Doty v. Lund, 78 F. Supp. 2d 898 (N.D. Iowa 1999)

U.S. District Court for the Northern District of Iowa - 78 F. Supp. 2d 898 (N.D. Iowa 1999)
November 22, 1999

78 F. Supp. 2d 898 (1999)

Reede Mitchell DOTY, Petitioner,
v.
Mark LUND, Warden, Respondent.

No. C98-3012-MWB.

United States District Court, N.D. Iowa, Central Division.

November 22, 1999.

*899 Teresa A. O'Brien, Sioux City, IA, for Petitioner.

Robert P. Ewald, Asst. Iowa Atty. Gen., Des Moines, IA, for Respondent.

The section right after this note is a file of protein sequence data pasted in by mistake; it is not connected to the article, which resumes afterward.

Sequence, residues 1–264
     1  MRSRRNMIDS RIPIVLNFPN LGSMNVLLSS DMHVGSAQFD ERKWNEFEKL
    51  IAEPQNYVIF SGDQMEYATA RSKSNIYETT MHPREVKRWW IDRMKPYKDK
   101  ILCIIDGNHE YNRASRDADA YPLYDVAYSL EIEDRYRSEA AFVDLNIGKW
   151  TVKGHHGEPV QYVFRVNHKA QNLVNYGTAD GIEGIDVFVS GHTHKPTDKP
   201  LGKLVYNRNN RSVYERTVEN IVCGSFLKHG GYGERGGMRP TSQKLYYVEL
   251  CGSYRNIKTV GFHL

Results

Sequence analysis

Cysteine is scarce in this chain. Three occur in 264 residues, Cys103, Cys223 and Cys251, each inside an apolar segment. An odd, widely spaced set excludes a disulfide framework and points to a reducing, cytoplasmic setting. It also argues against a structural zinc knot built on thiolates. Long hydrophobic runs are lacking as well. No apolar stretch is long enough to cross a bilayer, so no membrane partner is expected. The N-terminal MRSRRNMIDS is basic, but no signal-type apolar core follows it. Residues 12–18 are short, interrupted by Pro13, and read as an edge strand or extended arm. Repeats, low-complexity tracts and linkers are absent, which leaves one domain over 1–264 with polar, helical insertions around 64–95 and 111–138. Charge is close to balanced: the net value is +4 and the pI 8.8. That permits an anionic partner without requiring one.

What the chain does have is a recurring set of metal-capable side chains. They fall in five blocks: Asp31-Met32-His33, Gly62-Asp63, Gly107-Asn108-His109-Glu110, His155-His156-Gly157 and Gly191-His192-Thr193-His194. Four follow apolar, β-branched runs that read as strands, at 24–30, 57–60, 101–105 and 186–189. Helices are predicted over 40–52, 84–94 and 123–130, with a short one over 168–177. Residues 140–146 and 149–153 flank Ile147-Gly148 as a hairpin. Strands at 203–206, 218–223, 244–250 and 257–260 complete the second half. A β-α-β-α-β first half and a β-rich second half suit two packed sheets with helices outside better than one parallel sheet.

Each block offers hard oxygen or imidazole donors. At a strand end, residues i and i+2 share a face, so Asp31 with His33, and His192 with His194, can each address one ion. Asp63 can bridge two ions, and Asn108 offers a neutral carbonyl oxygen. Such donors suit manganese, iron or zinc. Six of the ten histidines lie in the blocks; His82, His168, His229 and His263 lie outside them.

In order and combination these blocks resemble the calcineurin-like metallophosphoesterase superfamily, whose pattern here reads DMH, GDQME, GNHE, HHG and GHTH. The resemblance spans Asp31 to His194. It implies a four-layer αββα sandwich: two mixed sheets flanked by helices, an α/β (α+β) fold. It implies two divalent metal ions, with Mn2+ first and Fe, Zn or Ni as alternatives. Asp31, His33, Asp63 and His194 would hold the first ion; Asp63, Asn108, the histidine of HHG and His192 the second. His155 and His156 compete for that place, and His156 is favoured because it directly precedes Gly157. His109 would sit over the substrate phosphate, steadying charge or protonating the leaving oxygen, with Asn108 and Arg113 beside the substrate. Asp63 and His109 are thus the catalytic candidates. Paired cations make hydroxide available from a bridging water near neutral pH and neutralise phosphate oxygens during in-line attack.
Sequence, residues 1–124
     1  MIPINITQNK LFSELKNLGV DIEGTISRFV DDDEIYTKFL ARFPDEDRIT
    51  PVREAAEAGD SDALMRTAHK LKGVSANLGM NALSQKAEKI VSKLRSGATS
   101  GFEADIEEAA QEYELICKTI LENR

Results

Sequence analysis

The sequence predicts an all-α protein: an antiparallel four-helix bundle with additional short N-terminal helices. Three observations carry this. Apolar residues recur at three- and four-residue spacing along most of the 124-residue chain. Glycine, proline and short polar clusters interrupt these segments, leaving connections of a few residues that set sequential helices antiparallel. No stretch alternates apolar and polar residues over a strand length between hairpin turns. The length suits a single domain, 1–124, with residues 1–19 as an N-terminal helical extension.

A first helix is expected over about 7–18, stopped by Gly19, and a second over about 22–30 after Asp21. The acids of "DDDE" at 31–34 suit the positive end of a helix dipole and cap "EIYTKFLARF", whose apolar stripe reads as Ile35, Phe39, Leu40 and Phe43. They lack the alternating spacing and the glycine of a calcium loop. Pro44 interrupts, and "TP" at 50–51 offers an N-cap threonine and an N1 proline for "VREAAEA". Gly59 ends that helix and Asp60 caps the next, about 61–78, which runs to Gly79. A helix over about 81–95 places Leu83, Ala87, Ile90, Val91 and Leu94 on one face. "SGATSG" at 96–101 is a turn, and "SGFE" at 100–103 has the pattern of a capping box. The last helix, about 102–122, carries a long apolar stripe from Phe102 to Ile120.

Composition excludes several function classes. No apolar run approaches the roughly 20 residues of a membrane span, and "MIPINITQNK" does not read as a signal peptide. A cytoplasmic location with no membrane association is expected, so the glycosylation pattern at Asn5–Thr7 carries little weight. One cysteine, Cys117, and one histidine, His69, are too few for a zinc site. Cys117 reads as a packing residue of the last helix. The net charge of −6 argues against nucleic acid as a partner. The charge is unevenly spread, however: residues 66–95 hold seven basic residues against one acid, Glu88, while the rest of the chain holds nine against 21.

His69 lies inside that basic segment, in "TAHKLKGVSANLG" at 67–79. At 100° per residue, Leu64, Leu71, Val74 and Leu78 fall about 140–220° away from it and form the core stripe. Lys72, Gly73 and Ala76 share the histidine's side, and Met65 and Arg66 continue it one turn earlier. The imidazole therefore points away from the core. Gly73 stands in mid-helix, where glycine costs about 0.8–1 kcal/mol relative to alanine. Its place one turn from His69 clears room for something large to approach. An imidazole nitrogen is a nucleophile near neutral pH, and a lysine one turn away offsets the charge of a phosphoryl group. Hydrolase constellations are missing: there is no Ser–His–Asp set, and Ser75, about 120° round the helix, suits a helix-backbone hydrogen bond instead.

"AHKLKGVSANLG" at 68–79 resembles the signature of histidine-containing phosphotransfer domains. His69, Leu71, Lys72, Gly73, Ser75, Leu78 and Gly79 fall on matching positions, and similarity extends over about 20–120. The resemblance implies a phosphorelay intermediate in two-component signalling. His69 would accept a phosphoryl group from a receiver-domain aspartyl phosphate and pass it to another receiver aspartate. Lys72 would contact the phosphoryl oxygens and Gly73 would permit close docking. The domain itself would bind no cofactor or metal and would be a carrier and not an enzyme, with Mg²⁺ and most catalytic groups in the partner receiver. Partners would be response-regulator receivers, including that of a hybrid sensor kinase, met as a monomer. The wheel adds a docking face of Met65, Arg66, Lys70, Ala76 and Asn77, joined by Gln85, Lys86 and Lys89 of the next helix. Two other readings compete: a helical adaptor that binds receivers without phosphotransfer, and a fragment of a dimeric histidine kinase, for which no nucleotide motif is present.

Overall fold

ORDER REGARDING REPORT AND RECOMMENDATION OF MAGISTRATE JUDGE

BENNETT, District Judge.

This petition for habeas corpus relief pursuant to 28 U.S.C. § 2254 comes before the court on the October 6, 1999, Report and Recommendation of United States Magistrate Judge Paul A. Zoss. Because the petition was a "mixed petition," containing both exhausted and unexhausted claims, Judge Zoss recommended that the petition be dismissed without prejudice. Petitioner Doty filed objections to the Report and Recommendation on November 1, 1999. Therefore, the court must decide whether to accept, reject, or modify the recommended disposition of the case in light of Doty's objections. See 28 U.S.C. § 636(b) (1).